Vol 4 | Issue 1 | Jan-Apr 2018 | page: 3-5 | Madhubala Joshi Chinchalkar.
Authors: Dr. Madhubala Joshi Chinchalkar
 Department of Anaesthesiology, ESIS Hospital
Address of Correspondence
Dr. Madhubala Joshi-Chinchalkar,
Department of Anaesthesiology,
ESIS Hospital, India.
A Year on Ice-Humbling and Character building experience!
Antarctica! The most hostile yet the breathtakingly beautiful landmass on the earth. It gives true feeling of vast dynamic forces of nature. Its haunting beauty is inspirational. It’s a place in the world where you experience absolute silence. Antarctica is the harshest, driest, coldest, windiest continent at the bottom of the earth. Treacherous weather yet a land of stunning panoramas, wide sweeping glaciers, turbulent ice-falls and vast majestic snow-covered landscapes. In summer, these are seen under a permanent sun that whirls relentlessly along the horizon and in winter continuous darkness obscures everything. Each sunrise and sunset are unique, and colours directly flow from heaven. The colours get reflected from pure white snow and there is a shower of many divine colours all around. Antarctica is a spiritual experience!
Here the sun, moon do not always rise in the east and set in the west. The midnight sun sets for 10 minutes in the south at the beginning of winter here and the Polar night ends when sun rises for the first time in the North. Clouds with ice crystals give multiple images of sun, and cold weather plays tricks giving rise to astonishing mirages- don’t be surprised if you happen to see a ship or a piston bulley upside down! It is that part of the planet earth, where humans did not get a chance to interfere with nature.
Southern Ocean encircling this continent freeze in winter resulting in doubling the size of the land mass-A pulsatile continent! Antarctica is cut off from the rest of the world during harsh winter months from March to October. Highest of all the continents, Lowest recorded temperatures (-89 degree) and violent snow storms (winds over 250 kmph); it’s indeed a unique place on earth! Its beauty is ethereal…On clear winter nights, there arise southern lights, or Aurora Australis from behind the ice shelf -often rolling waves of green, blue, red like a giant wheel of fairy dust. They are seen undulating over our head and spreading to fill the sky, moving like waves after waves; just like huge curtains spreading down from heaven. It was an emotional, life changing experience that one can only sit on the knees, hands folded, with tears in the eyes!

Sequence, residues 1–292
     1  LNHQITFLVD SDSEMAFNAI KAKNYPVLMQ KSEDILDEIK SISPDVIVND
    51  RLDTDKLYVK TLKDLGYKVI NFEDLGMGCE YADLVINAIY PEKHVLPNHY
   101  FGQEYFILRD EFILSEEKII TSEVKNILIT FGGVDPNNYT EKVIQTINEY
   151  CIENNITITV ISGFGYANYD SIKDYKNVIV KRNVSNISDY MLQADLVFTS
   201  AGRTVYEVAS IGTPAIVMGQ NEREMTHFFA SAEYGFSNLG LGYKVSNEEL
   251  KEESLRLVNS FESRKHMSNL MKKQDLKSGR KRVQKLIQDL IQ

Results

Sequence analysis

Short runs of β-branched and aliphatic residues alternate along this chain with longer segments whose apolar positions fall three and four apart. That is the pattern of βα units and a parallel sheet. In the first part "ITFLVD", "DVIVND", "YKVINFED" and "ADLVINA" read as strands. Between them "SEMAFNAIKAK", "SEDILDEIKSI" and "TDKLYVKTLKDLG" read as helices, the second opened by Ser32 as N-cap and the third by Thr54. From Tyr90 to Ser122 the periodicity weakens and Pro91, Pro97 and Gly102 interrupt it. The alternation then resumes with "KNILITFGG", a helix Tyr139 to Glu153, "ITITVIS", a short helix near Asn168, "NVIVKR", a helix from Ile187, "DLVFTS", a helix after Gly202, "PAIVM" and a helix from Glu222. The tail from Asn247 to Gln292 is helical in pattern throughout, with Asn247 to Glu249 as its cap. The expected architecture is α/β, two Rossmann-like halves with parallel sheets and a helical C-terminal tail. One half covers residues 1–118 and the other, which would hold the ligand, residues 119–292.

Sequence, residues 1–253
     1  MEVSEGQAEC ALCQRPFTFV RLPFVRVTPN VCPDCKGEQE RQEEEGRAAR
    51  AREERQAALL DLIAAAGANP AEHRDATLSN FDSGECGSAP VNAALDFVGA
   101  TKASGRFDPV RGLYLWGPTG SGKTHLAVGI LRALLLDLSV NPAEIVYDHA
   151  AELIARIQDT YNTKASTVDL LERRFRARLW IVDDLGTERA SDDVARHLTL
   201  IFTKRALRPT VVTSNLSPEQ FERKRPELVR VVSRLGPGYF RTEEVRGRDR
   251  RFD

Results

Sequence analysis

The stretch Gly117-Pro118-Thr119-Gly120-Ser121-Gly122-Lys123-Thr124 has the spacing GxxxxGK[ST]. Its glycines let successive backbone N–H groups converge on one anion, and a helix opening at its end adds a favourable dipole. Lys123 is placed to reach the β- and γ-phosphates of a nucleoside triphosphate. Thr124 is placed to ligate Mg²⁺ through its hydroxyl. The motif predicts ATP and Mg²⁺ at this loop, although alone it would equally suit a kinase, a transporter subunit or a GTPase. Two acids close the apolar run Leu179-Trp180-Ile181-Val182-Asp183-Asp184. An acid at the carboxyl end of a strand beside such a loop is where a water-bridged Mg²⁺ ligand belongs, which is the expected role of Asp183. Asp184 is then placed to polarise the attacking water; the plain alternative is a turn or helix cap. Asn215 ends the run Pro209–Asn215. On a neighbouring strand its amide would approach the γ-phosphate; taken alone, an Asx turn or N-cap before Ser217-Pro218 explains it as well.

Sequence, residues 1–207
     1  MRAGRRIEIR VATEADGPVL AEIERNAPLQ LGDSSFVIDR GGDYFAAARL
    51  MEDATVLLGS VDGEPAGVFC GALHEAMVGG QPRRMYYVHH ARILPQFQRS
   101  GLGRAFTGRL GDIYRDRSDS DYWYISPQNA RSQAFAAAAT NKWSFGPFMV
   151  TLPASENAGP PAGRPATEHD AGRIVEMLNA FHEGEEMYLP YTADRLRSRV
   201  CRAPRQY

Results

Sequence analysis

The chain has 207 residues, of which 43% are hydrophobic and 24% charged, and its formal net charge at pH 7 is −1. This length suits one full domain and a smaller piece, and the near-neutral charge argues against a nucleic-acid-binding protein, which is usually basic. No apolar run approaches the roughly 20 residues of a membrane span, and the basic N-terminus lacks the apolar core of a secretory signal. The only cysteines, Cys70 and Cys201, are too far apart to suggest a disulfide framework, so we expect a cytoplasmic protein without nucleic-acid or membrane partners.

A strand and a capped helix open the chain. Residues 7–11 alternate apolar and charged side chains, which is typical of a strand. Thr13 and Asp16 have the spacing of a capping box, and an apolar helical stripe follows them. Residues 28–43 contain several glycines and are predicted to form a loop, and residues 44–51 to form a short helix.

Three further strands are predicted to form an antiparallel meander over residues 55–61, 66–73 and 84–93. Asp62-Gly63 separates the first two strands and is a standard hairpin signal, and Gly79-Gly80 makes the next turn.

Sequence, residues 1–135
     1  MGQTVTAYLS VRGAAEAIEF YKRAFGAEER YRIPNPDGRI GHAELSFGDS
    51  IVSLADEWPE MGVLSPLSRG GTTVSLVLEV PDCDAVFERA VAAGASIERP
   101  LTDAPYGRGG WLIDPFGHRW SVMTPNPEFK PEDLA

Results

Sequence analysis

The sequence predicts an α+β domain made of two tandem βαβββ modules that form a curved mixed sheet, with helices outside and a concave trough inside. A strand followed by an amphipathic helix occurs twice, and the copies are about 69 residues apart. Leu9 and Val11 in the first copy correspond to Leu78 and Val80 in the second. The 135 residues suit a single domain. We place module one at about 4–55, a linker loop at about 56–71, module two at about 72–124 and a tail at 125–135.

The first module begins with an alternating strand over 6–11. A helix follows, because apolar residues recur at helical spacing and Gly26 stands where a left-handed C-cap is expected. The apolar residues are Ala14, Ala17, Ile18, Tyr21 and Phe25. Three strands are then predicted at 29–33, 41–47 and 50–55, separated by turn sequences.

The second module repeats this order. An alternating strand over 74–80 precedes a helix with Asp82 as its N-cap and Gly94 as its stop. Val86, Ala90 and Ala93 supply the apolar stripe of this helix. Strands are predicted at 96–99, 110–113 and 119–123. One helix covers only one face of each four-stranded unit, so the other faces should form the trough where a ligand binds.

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Since earth’s axis is tilted, In the clear sky, on winter nights; very bright Milky Way or Galaxy with millions of stars each shining like diamonds is a common sight in Antarctica! The moon looks the size of our sun here and pure, white pristine snow glitters in silvery moon light. We have nations getting along well in Antarctica, then they are doing anywhere else in the world! It is worth something to do it this way, whatever we do to keep cooperation, to pursue things that make us better human beings. That is happening right now on this continent and it is special. People who come to Antarctica are real people like you and me, who do their job and not the people on National Geographic or rich people spending lot of money on the cruise. I was selected as aonly doctor accompanying 36th Indian Scientific Expedition to Antarctica, by Government of India, Ministry of Earth Sciences (National Centre for Antarctic and Ocean Research). I was a member of wintering team, spending a year on ice that changed my life! Maitri, an Indian Research station, was my home for a year and logistic, scientist members were my family!